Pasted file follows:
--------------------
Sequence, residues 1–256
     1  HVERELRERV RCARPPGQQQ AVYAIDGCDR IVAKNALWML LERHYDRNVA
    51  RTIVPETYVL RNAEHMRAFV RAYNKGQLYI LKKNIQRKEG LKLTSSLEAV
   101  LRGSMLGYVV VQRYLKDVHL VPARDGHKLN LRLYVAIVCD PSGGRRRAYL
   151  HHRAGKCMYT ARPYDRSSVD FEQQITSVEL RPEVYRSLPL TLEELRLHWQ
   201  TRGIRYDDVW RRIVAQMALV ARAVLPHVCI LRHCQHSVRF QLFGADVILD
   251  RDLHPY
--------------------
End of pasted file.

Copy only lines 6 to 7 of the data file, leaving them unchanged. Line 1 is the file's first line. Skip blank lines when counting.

   201  TRGIRYDDVW RRIVAQMALV ARAVLPHVCI LRHCQHSVRF QLFGADVILD
   251  RDLHPY